New Delhi: On the right side of thirty,Tapan Parikh, a doctoral student at the University of Washington and founder of Ekgaon Technologies, is already a global achiever. The winner of the TR35 2007 Young Innovator award, instituted by the Massachusetts Institute of Technology published magazine Technology Review, Parikh received global recognition as the 2007 Humanitarian of the Year for his effort to help small business people by making mobile phones a more effective and result-oriented medium.

Microfinance groups in Tamil Nadu and Andhra Pradesh are using CAM, the mobile device developed by Parikh to increase productivity and earn more money in diverse as well as traditional businesses they are involved with. In an email interview with, Parikh tells more about his mobile tool and the various experiences associated with it. Edited excerpts:

How is CAM different from other mobile phones? What are its unique selling propositions?

CAM is a mobile-phone based application toolkit that allows users to capture

On top of the world: Tapan Parikh, 2007 Humanitarian of the Year

Any specific reason for calling it CAM?

Because the camera is used as part of the user interface.

On what kind of network does CAM function? How does CAM respond to a situation where no commercial telecommunication signals are available?

On any GSM network. Yes, CAM can respond to areas without connectivity by storing a local cache of data on the phone.

If CAM users subscribe to commercial telecom service providers, do you think it is feasible for the users as they mostly belong to rural and economically struggling background?

Initially, CAM is being deployed in partnerships with NGOs, banks and other service providers. These service providers are subsidizing the cost of the phone and the mobile service.

When are you planning to launch CAM commercially? What kind of market are you expecting globally?

CAM is an open source software. We are using it to build specific services, which are being launched commercially. Our first such service is the accounting service for SHGs. There are over two million SHGs currently existing in India.

Referring to your efforts on making CAM popular among the self-help groups (SHGs) in India, how user-friendly is your toolkit to people who are computer illiterates or perhaps completely illiterate?

It is designed entirely with semi-literate users in mind, both as users of the technology, and customers of the service offered through the technology.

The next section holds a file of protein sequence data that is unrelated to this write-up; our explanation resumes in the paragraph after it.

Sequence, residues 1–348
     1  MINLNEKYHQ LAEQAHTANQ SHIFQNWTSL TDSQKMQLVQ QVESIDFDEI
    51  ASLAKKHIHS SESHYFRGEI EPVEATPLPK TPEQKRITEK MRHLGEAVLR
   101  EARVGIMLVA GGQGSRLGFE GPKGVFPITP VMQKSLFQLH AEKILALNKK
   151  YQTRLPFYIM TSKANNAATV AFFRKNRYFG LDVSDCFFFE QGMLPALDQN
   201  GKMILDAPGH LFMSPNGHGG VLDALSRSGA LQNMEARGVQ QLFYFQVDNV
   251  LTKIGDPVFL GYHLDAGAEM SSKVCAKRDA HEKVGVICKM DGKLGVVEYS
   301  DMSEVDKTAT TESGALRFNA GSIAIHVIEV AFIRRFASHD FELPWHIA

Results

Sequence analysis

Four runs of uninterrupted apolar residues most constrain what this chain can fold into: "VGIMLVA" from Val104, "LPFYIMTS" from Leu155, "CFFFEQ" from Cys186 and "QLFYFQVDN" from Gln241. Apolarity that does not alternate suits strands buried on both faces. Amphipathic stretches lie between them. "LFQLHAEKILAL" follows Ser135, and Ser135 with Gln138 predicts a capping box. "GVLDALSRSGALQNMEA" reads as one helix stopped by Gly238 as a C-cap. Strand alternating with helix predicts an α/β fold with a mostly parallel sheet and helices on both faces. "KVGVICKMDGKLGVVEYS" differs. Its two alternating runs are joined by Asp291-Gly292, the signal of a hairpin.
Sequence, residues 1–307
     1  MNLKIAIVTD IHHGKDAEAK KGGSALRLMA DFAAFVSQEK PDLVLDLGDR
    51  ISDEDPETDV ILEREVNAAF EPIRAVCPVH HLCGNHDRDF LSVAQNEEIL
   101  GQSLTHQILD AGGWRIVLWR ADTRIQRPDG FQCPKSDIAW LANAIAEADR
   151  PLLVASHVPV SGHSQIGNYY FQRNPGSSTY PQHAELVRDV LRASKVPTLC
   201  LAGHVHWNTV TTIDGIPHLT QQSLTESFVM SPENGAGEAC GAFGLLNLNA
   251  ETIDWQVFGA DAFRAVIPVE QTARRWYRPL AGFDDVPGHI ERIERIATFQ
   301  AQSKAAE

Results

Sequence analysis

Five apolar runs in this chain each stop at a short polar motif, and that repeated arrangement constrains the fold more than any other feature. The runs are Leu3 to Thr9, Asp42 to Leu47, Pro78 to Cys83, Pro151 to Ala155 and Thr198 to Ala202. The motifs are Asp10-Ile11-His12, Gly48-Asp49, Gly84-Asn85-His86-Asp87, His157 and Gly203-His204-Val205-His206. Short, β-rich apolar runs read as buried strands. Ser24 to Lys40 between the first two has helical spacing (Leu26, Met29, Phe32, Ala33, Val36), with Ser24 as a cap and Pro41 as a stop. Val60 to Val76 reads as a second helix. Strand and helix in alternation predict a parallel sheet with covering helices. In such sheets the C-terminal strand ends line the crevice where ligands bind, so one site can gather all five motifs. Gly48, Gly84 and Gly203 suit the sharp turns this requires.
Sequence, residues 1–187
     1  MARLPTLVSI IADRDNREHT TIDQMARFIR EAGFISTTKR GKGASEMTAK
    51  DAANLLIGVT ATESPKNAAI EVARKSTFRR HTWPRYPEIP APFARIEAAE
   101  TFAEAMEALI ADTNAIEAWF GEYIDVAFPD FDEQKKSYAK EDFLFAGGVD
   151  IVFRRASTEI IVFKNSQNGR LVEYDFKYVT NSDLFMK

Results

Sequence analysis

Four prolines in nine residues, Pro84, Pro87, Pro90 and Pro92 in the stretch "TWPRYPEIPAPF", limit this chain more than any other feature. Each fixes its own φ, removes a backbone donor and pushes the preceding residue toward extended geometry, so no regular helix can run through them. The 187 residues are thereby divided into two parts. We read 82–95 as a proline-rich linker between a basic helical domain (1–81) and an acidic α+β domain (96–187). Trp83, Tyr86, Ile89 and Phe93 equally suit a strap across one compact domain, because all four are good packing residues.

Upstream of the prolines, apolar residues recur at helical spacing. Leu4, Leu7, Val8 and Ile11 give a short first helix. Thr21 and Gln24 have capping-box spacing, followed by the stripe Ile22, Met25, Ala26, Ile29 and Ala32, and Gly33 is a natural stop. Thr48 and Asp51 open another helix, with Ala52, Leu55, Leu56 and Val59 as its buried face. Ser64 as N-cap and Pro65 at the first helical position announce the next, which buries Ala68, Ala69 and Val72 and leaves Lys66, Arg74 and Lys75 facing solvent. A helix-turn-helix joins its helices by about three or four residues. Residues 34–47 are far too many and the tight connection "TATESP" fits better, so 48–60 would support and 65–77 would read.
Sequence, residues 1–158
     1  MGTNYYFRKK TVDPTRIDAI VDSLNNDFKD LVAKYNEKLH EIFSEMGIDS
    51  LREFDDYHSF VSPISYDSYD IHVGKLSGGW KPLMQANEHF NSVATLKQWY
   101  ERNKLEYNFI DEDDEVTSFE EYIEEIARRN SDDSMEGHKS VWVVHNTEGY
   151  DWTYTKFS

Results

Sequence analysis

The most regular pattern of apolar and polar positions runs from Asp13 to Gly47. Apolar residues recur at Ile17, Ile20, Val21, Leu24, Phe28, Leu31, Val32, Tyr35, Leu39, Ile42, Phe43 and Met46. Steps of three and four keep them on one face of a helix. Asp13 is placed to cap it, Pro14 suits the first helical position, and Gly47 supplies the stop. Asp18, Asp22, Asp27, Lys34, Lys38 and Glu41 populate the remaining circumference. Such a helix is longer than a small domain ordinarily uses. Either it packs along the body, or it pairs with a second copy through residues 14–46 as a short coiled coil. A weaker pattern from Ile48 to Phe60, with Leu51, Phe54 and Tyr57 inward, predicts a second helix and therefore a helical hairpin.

SHGs across the country are engaged in different small-scale industries ranging from agro-based ones to poultry farming, fishery to handloom products among others. How will CAM tackle the communication and computing challenges arising out of these different sectors and most importantly the lack of basic infrastructure like electricity in remote areas?

I am not sure CAM can do much about the lack of electricity, other then alert someone that it is or isn’t there! Regarding small-scale enterprise and agriculture, we are currently investigating potential CAM services for these sectors.

Are you in contact with the Indian government to launch CAM on a mass scale?

We are currently in discussions with government for scaling up and useing CAM for improved access to government services for SHGs.

The formal financial sector is the backbone to the survival of the SHGs. What kind of feedback are you receiving from that sector?

So far the response has been positive. We are in discussions with several banks for tighter linkage of systems.

Please let us know about the affordability aspect of CAM. How much would a CAM cost in rupee terms? What are the maintenance costs?

CAM is free. It is open source software. The mobile devices, on which CAM runs, cost between Rs6,000 and Rs50,000.

How is a CAM more efficient than a PC?

Mobile phones are cheaper, more familiar and require less power and infrastructure than PCs.

In terms of data storage capacity, how does CAM take on a PC?

Using memory expansion cards, several GB of data can be stored on a mobile.

You also developed Randi, another version of CAM for the fair-trade coffee farmers in Guatemala. What is it all about?

Randi is another CAM application used for monitoring farm production and ensuring conformance with certification requirements. The response from local farmers and cooperatives has been positive. We have established partnerships in Guatemala and Mexico for taking the project forward.

Do you have any plans to launch Randi in India? Apart from helping coffee growers, can Randi help small-scale tea planters in India’s northeast?

Sure! CAM can be used for coordinating procurement, monitoring production, disseminating farming and post-harvest practices, and linking to markets.